So, this is how I have learned to combat those feelings or at least quiet them momentarily. I look back to my situation a few years ago and compare it to today.

1.  About three years ago, I had roughly $8,000 in credit card debt.  Today, that number is ZERO.

2. About two years ago, I bought a brand new car. With the added warranties and gap insurance, that put me roughly another $20,000 in the hole. Today, that number is ZERO.

3. About last September, my private student loan was almost 21,000. About two or three years ago, it was around $23K. Today, it’s $16,171.82. (My account info on line only goes back about a year so I’m guestimating on this.)

4.  About three and a half years ago, I sat at home over the week between Christmas and New Year’s. I remember that my credit cards were maxed, my checking account had oh, about $20-30 in it, and my grand total of savings was probably about $500.  I remember thinking “this has to be the lowest I can go.” Today, I have more than I had in savings (at our highest point) when married. And that took us a long time to get to our milestone amount as well.

When I add it all up, I figure that I have probably gotten rid of about $32K in debt over the past few years when I add in the brand new car I had taken on and since sold. I used to have a negative net worth. Today, that number is solidly in the positive zone. It’s not a huge number, but it’s something. I’m worth more alive than dead!!!! When I look at the figures like that, I feel better.

Two years ago, I didn’t feel completely fulfilled in my current job but I also didn’t know what I could do instead. Since then, I’ve gotten certified as a personal trainer, and taken and passed a few specialization tests, and am solidly working toward getting a second certification. And the best part? I owe nothing for having taken those exams. They’re all paid off.  A few years ago, I would only have known to bankroll those by using credit cards.

A few years ago, I talked the good talk – about wanting to get out of debt, but still solidly digging myself in more and more month after month.  Now, I actually walk the walk. The credit cards (other than the CareCredit one I have for pet health emergencies) are gone. And, the Care Credit is only used until money can be transferred from my online savings account into my checking to pay it off.

It’s funny how things work out. When I had figured out my bills and savings amounts a few months ago, I knew the only way I could cut expenses any further was to cut my housing costs. And then, I got a roomie, and even though it’s temporary, it’s taught me a few things. One, it’s been nice to have someone else around some times. She’s decided she’s set on getting her GED, so when I see her studying, it makes me want to be a good role model for her.  So, even if I don’t necessarily feel like it, I’ll get out the laptop and start studying or trying to do some freelance work. (And if that fails, yes, I can watch an episode of something, but she knows I’ve worked hard all day, so I’ve still set a good example.) And, while my food costs have gone up with her being there, I will still be able to save a bit more per month than I could before with the additional rent income. So, while it’s been a bit of a transition to get used to having another person in the apartment, it’s not been as big of a change as I expected. We get along pretty well, and we’re both vegetarians, wanting to better our lives. We respect each other’s space and different habits, plus both of us have been sleeping like rocks lately, which is great, since I’m a morning person and she’s a night owl.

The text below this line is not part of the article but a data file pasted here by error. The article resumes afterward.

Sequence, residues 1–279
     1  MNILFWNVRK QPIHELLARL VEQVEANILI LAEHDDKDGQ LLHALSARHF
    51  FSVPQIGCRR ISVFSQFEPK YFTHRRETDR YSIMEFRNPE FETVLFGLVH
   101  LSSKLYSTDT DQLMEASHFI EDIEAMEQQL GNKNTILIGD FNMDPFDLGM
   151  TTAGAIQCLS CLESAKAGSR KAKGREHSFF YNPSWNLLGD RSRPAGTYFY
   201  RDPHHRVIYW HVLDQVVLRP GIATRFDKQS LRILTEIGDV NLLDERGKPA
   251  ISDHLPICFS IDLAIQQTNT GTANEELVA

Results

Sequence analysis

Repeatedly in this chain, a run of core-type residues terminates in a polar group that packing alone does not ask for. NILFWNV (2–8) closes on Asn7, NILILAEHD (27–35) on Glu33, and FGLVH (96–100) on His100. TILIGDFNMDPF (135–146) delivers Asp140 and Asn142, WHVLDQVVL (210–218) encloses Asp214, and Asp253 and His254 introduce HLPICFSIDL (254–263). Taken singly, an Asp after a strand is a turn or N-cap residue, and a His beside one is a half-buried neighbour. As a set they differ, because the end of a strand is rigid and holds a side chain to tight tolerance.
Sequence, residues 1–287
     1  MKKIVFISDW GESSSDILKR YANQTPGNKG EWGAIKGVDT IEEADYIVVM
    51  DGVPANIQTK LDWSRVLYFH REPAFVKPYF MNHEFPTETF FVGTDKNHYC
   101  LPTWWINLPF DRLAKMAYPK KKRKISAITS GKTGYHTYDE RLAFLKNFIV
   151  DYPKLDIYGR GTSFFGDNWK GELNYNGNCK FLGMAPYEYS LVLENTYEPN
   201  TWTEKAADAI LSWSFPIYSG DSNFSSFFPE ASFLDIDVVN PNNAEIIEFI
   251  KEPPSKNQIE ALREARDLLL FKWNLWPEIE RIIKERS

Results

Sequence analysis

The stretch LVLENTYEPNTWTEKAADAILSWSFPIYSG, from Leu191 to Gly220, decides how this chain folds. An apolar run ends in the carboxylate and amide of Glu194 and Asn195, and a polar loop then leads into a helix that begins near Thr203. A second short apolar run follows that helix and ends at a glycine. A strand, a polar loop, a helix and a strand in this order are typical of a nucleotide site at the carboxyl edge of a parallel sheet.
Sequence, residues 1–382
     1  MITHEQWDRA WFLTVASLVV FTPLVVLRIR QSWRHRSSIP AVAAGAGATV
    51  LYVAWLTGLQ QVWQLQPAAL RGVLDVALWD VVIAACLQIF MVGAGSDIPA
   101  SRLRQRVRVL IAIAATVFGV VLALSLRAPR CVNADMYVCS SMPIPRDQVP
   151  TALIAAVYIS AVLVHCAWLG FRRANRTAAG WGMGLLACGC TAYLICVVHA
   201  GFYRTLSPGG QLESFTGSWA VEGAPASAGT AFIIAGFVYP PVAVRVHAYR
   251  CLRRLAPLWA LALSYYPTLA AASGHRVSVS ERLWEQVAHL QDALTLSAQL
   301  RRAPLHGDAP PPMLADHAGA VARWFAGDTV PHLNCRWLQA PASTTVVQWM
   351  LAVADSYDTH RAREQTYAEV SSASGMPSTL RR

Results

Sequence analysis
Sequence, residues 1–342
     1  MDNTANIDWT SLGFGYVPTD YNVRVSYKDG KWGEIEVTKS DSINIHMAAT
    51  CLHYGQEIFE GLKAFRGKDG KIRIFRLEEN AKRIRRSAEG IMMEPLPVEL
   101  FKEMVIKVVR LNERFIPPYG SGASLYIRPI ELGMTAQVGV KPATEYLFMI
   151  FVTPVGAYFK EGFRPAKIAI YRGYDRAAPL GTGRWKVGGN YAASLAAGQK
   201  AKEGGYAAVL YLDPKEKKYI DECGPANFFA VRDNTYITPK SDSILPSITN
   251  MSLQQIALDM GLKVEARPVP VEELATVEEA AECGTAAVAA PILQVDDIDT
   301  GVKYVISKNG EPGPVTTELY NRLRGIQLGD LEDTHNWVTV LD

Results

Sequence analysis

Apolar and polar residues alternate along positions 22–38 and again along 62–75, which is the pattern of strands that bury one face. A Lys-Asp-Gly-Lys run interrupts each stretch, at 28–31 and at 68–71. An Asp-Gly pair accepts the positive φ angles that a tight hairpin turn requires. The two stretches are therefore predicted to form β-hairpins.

Some days/nights, you just feel like things have come together the way they are supposed to. When I saw my little dog Osito basically running because she was so happy to be outside in the crisp air, I just knew last night was one of those times. You don’t question when things are going well, I have learned. Just accept it and go with it!

And that’s what I’m going to do.

If you have liked this post, please leave me a comment below, hit like or subscribe! Thank you!





Getting Rid of My Debt, Part 17 (Some Decisions Made)

Another cute pet photo - HoneyBun and Osito. HoneyBun has recently discovered the softness of Osito's bed. :-)
Another cute pet photo – HoneyBun and Osito. HoneyBun has recently discovered the softness of Osito’s bed. 🙂

Have I mentioned in the past that sometimes I am decision impaired? Well, if not, lol, I am. It can be on something so simple as travel arrangements (will a cheaper flight come around right after I reserve my seats? Is this the right thing to spend my money on? etc., etc.) I’m getting better, though.

The other day, I sat down and figured out that based on my LAL loan balance, which is now, (Drum Roll, Please . . .) $16,721.40, that if I wanted to have it paid off by June 2015, it would cost me roughly $1,306 per month.  I’d been planning on paying $720 on it each month so that’s a big difference in funds. So, this is what I have done to make up for the shortfall.

First decision: